Getting the vote could herald real change for Saudi women
|Publisher||Human Rights Watch|
|Publication Date||29 September 2011|
|Cite as||Human Rights Watch, Getting the vote could herald real change for Saudi women, 29 September 2011, available at: http://www.refworld.org/docid/4e85a8242.html [accessed 28 July 2014]|
|Disclaimer||This is not a UNHCR publication. UNHCR is not responsible for, nor does it necessarily endorse, its content. Any views expressed are solely those of the author or publisher and do not necessarily reflect those of UNHCR, the United Nations or its Member States.|
In a surprise move, Saudi Arabia's King Abdullah bin Abd al-Aziz has announced that women will be able to participate in municipal elections in 2015. He also announced that women may become full voting members of the consultative Shura council. While this is extraordinary news for Saudi women, their participation in the country's public life is long overdue.
The Saudi government has a long history of breaking promises to women. This year has been no different. When Saudi Arabia held its first municipal elections in 2005, women were excluded from voting and running as candidates. The government promised that women would be able to participate in the next elections, which were scheduled for 2009. The government reneged on this promise and again excluded women from the elections, which, after a two-year postponement, are to take place next week. A woman from Jeddah who attempted to register to vote was arrested for her trouble.
The Shura council, which women may now join as full voting members, is an appointed body that has the authority to review legislation and question ministers, but whose powers remain consultative. In 2006, the Shura council appointed six women as members, but they were not allowed to vote. The number has now risen to 12. Now these women will at least be able to participate fully as the Shura council scrutinises proposed legislation and formulates recommendations.
Women are still not allowed to drive despite bold opposition by some women, which included posting pictures of themselves driving on YouTube and Facebook. The male guardianship system, which deprives women of the right to make decisions about almost all aspects of their lives, is still in place although the government promised the UN human rights council in 2009 that it would abolish the system.
Many women are sceptical about whether King Abdullah's announcement will translate into real change for Saudi women. But this time, I suspect, might be different.
The king is 87 and is not in the best health. He may be thinking about his legacy, and likening it to that of King Faisal, who introduced mandatory schooling for girls in the 1960s. King Abdullah's legacy could be that he gave Saudi women some of the basic rights and freedoms that have long been enjoyed by other women around the world. King Abdullah has a patchy history when it comes to women's rights, but he has encouraged education for women and their entry into the workforce. Women in Saudi Arabia can become teachers, doctors and engineers. The Saudi king has also made special provisions for women entrepreneurs so that they no longer need a male agent to facilitate registration of new businesses.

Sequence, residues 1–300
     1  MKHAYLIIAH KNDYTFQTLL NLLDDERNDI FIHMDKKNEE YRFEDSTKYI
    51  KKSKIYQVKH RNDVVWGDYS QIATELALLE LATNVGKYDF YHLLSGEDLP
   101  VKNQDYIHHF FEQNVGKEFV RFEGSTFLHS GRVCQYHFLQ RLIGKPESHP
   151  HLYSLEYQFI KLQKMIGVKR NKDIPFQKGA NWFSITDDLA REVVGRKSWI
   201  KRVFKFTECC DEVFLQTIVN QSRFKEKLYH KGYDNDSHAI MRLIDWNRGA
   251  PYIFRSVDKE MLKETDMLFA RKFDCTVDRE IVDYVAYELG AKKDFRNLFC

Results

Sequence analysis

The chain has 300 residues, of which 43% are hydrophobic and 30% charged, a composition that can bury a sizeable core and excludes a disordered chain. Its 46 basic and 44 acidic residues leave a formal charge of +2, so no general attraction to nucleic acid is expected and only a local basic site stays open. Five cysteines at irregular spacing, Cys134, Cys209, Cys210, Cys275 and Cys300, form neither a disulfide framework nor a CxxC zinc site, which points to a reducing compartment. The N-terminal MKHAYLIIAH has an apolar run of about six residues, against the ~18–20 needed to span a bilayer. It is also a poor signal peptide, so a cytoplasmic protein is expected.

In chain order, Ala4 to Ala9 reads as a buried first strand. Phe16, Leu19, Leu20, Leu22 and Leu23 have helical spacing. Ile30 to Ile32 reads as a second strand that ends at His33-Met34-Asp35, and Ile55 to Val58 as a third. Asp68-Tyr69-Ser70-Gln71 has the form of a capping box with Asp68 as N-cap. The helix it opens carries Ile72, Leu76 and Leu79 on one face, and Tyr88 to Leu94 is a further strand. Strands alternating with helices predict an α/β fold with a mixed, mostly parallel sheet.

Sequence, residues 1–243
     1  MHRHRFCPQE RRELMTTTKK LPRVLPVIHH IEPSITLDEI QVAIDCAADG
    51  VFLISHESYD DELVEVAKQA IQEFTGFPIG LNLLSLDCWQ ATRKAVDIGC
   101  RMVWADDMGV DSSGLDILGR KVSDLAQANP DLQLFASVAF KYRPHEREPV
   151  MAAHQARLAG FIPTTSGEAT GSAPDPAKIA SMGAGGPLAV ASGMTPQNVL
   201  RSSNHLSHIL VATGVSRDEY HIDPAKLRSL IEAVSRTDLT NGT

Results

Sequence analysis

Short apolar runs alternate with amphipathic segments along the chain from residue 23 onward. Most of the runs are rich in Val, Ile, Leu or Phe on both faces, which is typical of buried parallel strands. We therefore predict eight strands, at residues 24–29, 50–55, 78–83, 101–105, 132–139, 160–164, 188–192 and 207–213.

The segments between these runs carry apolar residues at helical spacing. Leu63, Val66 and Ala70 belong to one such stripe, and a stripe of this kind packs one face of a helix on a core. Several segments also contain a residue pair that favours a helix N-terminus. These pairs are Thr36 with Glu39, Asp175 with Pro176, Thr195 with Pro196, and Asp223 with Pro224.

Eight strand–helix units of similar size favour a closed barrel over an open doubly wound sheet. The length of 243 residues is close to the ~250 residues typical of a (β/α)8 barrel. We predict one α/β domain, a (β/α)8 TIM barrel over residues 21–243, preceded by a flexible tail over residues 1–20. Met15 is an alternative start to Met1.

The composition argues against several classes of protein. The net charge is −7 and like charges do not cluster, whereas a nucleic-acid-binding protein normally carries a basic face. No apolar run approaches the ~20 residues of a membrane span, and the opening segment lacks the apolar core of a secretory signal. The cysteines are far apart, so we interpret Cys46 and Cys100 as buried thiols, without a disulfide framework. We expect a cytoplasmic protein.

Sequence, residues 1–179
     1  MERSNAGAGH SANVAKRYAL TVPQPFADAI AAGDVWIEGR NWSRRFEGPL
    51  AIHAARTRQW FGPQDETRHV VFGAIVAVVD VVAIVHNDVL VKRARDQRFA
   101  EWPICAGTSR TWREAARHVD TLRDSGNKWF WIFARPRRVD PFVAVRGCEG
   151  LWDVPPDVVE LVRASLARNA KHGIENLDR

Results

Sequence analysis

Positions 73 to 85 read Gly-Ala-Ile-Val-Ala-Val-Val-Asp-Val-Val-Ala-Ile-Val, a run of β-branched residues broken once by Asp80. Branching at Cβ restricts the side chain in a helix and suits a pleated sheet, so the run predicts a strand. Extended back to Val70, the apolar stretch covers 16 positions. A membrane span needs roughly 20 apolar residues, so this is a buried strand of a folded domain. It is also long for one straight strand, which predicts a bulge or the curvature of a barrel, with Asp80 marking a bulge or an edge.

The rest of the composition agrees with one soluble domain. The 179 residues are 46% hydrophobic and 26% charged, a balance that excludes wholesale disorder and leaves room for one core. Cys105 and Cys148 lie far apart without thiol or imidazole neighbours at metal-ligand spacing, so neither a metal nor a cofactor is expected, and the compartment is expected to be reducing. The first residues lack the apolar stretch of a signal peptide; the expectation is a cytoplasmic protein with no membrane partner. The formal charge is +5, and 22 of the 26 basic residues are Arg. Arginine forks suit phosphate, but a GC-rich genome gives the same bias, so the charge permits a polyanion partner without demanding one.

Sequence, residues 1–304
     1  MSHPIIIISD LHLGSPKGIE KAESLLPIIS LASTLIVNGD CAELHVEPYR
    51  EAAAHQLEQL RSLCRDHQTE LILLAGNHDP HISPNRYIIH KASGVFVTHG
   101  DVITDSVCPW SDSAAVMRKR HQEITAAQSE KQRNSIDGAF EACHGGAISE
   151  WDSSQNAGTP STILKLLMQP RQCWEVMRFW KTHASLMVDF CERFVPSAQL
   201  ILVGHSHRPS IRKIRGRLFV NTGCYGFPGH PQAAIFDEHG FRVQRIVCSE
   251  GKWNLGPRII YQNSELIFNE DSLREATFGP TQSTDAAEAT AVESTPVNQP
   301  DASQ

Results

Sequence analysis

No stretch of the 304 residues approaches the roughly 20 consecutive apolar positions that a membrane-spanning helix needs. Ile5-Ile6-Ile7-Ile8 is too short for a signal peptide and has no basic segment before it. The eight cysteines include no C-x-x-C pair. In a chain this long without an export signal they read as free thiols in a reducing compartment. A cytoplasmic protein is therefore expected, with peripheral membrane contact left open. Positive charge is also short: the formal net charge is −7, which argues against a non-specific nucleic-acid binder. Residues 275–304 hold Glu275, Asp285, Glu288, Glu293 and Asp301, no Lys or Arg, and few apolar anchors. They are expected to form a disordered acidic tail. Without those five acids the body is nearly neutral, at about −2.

In 2010, the king permitted himself to be photographed with 35 women participants in the seventh National Dialogue Forum in Najran, which brought participants together to discuss healthcare services in the kingdom. The photograph, the first of its kind, was published on the front page of Okaz, a prominent local newspaper.
In the same year, the king also fired a cleric who had criticised gender mixing at a Saudi university and reinstated the chief of the religious police in Mekka, who had declared certain forms of gender mixing permissible. The prohibition of gender mixing has been a fundamental feature of Saudi society. Critics of the king continue to claim that allowing men and women to mix will lead to immoral or corrupt behaviour.
This latest announcement may be the clearest indication yet that the king is willing to take steps to eliminate at least some of the discrimination that Saudi women face in their daily lives. The king's abrupt announcement is also a signal to those who oppose women's participation in public life. If he makes good on his promises, they will have to get used to the sight of women voting, alongside men.
Despite this promising step, we won't know for sure whether this is indeed the beginning of the "Arab spring" for Saudi women. We will have to wait at least another four years to see whether Saudi women can actually cast their ballots. For Saudi Arabia to be taken seriously on the world stage with regard to women's rights, the government should keep its promise to let women vote. It should make other important changes to eliminate discrimination against women. At the top of the list should be ending the repressive guardianship system and the ban on women driving.